Dr. Lacy Hunt: Fed Operating on a Flawed Model; "Wealth Effect" Only Widening Wealth Divide
Yesterday we posted an excellent interview with internationally recognized economist Dr. Lacy Hunt of Hoisington Investment (click here for access). He is the author of two books and numerous articles and also served as a Senior Economist for the Federal Reserve Bank of Dallas.
Given his background, Dr. Lacy Hunt has now become a fierce critic of current Fed policy, claiming that the Fed is operating on a flawed model that is not only building future instability into the market, but also helping to further the wealth divide. Here we present a few comments from his recent interview:
The Federal Reserve bases part of its efforts to stimulate a “wealth effect” in the economy. What are your thoughts on this?
“[T]here’s really—never has been—any significant evidence that the wealth effect is very important. We have many cases where wealth goes up and down, but just like in the last 3 years when wealth has gone up it hasn’t translated into a faster rate of consumer spending—it’s been translated into a lower growth of consumer spending…you do find some very muted wealth effects on household incomes above $130,000, but even there the effects are miniscule. So, essentially, the Fed has expanded its balance sheet for naught and they may have produced unintended consequences that, ultimately, will be negative.”
You claim the Fed is working with a flawed model. Can you explain this?
“If someone makes regular statements about the economy and the model is operational, what you would expect to see is…individual forecasts above the trendline, some below the trendline—in other words, it would be scattered around it. What we see in the Federal Reserve’s case is that they constantly over-predict economic growth and they constantly over-predict the inflation rate, which means that they’re operating with a flawed model. They’ve been consistently too optimistic on growth and inflation. They believe their program should be effective, but it’s not effective, which suggests that they’re not going to have any more success in the future than they’ve had in the past…So the Fed has been working with a flawed model, quantitative easing has not helped the situation in the last several years, and there’s no basis for believing that the Fed will somehow get lucky going forward.”
How does Fed monetary policy negatively impact government fiscal policy?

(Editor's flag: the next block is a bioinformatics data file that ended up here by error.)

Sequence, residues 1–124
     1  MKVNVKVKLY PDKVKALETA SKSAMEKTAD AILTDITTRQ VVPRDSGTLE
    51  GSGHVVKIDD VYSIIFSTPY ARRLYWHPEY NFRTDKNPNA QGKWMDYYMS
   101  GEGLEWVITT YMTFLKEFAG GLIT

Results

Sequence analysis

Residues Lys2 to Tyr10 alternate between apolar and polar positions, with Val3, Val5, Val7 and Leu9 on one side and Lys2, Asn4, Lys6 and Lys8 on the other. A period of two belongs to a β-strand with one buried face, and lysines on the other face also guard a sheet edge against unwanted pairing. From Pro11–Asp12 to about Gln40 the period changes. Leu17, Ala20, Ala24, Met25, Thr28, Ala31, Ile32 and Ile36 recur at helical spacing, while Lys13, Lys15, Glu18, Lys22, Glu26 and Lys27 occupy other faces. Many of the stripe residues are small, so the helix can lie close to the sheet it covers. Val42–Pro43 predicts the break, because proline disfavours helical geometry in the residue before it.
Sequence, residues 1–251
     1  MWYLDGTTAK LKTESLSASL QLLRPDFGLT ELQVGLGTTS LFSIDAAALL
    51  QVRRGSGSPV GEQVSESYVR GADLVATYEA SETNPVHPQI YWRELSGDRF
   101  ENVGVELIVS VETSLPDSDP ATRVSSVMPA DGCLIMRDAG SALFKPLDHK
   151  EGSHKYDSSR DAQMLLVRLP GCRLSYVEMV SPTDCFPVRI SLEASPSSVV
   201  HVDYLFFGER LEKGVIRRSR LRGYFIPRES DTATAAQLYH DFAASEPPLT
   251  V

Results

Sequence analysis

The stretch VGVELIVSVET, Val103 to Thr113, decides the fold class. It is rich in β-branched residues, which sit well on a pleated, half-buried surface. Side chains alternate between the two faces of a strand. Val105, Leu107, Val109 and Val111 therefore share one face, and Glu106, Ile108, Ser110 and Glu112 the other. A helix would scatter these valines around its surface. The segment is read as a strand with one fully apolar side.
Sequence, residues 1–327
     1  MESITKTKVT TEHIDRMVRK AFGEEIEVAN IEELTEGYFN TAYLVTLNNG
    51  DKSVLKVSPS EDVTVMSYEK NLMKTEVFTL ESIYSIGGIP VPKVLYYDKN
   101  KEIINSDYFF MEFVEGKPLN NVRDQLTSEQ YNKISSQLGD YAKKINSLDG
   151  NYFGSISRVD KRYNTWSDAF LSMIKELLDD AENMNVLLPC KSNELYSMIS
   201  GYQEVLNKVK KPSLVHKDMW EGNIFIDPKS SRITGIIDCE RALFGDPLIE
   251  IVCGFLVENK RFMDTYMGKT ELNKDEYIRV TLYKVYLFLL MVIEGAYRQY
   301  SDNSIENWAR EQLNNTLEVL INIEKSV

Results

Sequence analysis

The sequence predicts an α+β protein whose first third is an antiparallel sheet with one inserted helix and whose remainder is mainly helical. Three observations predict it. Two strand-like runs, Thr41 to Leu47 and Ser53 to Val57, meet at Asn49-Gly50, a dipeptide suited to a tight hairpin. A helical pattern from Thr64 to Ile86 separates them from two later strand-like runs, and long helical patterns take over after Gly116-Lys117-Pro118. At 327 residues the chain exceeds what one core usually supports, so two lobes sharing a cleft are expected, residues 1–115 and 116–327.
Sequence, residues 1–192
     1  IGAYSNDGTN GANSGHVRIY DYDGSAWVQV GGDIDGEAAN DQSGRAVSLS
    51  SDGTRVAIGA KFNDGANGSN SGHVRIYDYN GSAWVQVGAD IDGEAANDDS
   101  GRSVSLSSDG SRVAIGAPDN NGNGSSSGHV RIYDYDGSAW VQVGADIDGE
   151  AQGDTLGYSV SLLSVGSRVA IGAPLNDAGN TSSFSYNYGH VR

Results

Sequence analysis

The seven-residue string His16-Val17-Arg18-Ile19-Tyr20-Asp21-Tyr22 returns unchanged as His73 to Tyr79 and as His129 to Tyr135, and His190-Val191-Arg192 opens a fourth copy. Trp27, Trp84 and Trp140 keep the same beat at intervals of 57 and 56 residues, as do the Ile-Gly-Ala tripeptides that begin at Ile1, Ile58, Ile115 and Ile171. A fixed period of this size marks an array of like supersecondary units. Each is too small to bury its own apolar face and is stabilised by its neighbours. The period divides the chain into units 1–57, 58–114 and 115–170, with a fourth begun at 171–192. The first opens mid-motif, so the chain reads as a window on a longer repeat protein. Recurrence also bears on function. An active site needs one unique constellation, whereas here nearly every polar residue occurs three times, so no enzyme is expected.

“By expanding the balance sheet in these large sums it gives the appearance that the Fed is on the job doing something when, in fact, it is not; and it does take away the focus from fiscal policy. The problems that we face on the fiscal side are daunting and going to become increasingly more so as the years pass. The non-partisan Congressional Budget Office has put out projections that federal debt, which is now in excess of 100% of GDP, will be 200% in 20 or so years. It’s going to march steadily higher. We’ve made substantial promises to Social Security and Medicare. Frankly, we’re going to have to try to borrow the money in order to meet them; whether we can borrow the money on a long-term basis remains an open question. So, to deal with the fiscal situation there are no simple levers. There’s no magic elixir. It’s going to require substantial shared sacrifice, and it’s going to require very decisive political leadership. So, when the Fed is active and appearing to be doing something that’s helpful, it takes the pressure off of the fiscal sector to deal with the hard problems that are going to become increasingly more difficult as the time passes.”
From your point-of-view, what are the main consequences of current Fed policy for the average American and society in general?
“The bottom line is that Federal Reserve policies encourage speculation and excessive risk-taking and with very little benefit in generating economic growth. And so the net result...is it may just actually worsen the income and wealth divide. Those that benefit from the short-term gain in the speculative assets that rise in this type of environment—they’re better off—but the broad majority of our households are not helped and so the income and wealth divide increases as a result of Federal Reserve policy.”
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